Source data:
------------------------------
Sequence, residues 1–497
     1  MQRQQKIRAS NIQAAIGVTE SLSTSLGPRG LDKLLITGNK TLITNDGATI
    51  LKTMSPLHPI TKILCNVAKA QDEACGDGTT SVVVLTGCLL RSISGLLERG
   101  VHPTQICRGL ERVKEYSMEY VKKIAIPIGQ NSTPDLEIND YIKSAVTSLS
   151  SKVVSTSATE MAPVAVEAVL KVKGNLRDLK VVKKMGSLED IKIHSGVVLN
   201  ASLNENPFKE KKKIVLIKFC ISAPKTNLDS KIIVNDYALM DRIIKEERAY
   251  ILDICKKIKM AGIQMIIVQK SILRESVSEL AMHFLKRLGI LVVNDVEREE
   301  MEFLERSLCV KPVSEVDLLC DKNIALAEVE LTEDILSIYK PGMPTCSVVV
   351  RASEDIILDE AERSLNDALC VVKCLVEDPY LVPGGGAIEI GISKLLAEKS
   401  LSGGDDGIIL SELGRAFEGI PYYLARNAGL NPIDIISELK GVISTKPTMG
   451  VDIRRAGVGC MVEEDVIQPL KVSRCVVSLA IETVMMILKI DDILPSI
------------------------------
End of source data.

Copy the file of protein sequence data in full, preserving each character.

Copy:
Sequence, residues 1–497
     1  MQRQQKIRAS NIQAAIGVTE SLSTSLGPRG LDKLLITGNK TLITNDGATI
    51  LKTMSPLHPI TKILCNVAKA QDEACGDGTT SVVVLTGCLL RSISGLLERG
   101  VHPTQICRGL ERVKEYSMEY VKKIAIPIGQ NSTPDLEIND YIKSAVTSLS
   151  SKVVSTSATE MAPVAVEAVL KVKGNLRDLK VVKKMGSLED IKIHSGVVLN
   201  ASLNENPFKE KKKIVLIKFC ISAPKTNLDS KIIVNDYALM DRIIKEERAY
   251  ILDICKKIKM AGIQMIIVQK SILRESVSEL AMHFLKRLGI LVVNDVEREE
   301  MEFLERSLCV KPVSEVDLLC DKNIALAEVE LTEDILSIYK PGMPTCSVVV
   351  RASEDIILDE AERSLNDALC VVKCLVEDPY LVPGGGAIEI GISKLLAEKS
   401  LSGGDDGIIL SELGRAFEGI PYYLARNAGL NPIDIISELK GVISTKPTMG
   451  VDIRRAGVGC MVEEDVIQPL KVSRCVVSLA IETVMMILKI DDILPSI